The controversy surrounding the casting of Zoe Saldana as Nina Simone in an upcoming biopic rages on, with the director of a previous documentary about the singer reacting to the distributor’s recent defence of the movie, saying that “not every actor can play every role”.

Jeff L. Lieberman, who directed 2015 documentary The Amazing Nina Simone, wrote a guest column for The Hollywood Reporter and criticised not just the casting of Saldana, but also the tone and content of the script as “ugly and inaccurate”.

Nina, set for release in the US on April 22nd, has come under heavy fire from fans of the legendary singer, as the movie’s producers appear to have used prosthetics and makeup to make 37 year old Saldana more closely resemble Simone. Lieberman added his voice to this, saying the decision to do so was tone-deaf of the “horrible history of this type of portrayal”.

Zoe SaldanaThe casting of Zoe Saldana as Nina Simone has continued to cause controversy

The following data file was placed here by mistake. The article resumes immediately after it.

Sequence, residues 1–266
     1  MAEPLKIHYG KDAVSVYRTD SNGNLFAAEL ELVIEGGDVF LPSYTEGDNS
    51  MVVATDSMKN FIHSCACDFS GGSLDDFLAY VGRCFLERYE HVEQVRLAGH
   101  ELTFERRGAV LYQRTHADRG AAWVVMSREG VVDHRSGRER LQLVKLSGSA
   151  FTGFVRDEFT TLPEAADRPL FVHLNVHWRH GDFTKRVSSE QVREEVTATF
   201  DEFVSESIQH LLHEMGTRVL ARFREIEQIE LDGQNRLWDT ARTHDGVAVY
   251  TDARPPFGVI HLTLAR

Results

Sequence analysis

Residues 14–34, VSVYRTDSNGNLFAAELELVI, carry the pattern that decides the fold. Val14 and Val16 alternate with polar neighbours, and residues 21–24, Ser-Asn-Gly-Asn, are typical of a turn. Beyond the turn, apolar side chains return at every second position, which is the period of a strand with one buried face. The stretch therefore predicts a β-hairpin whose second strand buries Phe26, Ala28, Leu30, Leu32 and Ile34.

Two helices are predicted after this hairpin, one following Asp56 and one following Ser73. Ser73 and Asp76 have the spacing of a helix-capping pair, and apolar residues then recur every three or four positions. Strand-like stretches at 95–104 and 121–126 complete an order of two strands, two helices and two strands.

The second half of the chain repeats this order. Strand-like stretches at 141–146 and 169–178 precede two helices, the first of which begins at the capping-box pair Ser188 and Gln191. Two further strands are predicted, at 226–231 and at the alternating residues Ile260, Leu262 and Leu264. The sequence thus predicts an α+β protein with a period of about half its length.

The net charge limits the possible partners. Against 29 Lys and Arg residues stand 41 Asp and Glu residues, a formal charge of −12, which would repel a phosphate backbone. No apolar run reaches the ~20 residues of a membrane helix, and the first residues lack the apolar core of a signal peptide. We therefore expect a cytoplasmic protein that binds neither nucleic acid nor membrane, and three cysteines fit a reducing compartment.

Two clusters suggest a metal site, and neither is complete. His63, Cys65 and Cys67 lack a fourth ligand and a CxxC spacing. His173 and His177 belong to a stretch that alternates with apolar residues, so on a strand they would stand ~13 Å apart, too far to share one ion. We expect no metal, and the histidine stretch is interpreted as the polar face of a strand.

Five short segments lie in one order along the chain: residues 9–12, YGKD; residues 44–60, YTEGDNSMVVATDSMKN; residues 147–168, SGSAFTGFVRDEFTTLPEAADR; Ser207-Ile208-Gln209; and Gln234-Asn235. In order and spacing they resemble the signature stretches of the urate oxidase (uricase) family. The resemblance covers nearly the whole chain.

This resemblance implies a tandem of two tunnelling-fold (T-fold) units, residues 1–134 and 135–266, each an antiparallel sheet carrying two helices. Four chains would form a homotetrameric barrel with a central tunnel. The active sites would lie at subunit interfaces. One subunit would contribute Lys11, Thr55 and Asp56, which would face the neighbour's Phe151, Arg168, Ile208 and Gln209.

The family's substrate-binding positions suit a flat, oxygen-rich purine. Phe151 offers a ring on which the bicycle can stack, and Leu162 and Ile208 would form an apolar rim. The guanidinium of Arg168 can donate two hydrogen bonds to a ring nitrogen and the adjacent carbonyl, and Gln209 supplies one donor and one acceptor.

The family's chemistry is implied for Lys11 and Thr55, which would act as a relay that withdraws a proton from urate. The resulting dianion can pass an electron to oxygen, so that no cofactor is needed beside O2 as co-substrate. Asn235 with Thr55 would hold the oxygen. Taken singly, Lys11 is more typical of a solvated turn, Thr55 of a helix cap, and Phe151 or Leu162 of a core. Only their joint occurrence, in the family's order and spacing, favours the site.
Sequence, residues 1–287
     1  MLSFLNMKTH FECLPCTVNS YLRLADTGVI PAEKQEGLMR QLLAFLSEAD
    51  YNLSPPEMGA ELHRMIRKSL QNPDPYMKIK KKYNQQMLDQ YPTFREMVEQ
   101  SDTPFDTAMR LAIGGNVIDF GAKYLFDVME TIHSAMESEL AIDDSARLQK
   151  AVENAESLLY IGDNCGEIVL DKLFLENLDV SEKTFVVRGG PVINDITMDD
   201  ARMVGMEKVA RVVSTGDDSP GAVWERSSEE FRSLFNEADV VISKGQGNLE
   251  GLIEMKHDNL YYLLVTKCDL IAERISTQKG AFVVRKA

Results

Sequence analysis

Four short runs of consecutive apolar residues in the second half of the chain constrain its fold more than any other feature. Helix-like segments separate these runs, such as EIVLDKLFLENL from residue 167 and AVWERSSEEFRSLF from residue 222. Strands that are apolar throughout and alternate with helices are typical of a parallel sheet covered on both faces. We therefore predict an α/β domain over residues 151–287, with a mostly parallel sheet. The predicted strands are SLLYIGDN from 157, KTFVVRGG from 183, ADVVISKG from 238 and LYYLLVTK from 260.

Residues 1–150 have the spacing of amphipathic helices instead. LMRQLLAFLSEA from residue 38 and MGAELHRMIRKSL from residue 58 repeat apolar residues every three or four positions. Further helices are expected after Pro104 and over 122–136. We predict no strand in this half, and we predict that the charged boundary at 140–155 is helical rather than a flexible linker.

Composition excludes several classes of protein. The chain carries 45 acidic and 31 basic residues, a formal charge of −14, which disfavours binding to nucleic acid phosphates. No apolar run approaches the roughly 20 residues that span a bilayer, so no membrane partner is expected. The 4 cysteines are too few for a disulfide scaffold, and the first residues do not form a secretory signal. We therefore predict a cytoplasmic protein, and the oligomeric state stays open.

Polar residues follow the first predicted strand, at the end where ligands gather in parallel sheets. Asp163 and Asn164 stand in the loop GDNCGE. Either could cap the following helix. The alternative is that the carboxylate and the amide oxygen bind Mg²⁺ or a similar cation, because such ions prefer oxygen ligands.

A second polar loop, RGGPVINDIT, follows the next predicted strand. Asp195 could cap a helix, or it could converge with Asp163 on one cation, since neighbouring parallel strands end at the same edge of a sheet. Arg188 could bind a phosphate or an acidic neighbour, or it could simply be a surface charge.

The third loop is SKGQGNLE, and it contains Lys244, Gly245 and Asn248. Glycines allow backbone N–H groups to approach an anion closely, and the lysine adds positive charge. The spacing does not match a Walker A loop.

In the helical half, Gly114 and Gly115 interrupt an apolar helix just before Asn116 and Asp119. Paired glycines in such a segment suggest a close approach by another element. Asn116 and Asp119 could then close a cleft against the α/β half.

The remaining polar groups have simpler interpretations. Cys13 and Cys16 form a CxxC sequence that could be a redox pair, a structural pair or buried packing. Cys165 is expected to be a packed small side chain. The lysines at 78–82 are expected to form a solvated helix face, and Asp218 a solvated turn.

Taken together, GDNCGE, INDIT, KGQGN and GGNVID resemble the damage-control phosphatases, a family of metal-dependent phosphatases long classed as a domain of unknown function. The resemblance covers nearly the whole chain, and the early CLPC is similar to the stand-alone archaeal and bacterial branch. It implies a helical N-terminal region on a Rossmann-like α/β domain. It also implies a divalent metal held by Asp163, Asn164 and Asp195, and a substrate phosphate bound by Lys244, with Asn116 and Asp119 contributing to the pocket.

“I am saddened by the ugly and inaccurate portrayal contained in the script and trailer for Nina and by Mr. [Robert L.] Johnson's desperate attempt to defend the project," he wrote.

Robert L. Johnson, the chairman of RLJ Entertainment who are distributing the movie, defended the techniques used to make the movie, saying that the objections to Saldana playing a darker-skinned musician “hearkens back to how we were treated when we were slaves… …the slave masters separated light-skinned blacks from dark-skinned blacks, and some of that social DNA still exists today among many black people.”

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Lieberman had short shrift for this argument. “Suggesting that people who look like Zoe Saldana are the victim is wrong, and a quick trick at reverse racism… …Ms. Saldana could easily play the part of Lena Horne, and Halle Berry did a fine job as Dorothy Dandridge. But not every actor can play every role, even if you are of the same racial background.”

The director also criticised the script for focussing too much on Simone’s life during the 1990s, a difficult time for her personally, while not giving emphasis on her music and activism.

“Ms. Simone had six other decades of phenomenal musical accomplishments and civil rights stands, and she became an international symbol of freedom, pride and artistry. To overlook this is not only an insult to Ms. Simone’s very rich and complex life, but a blatant white-washing of her achievements as a black woman in 20th century America.”

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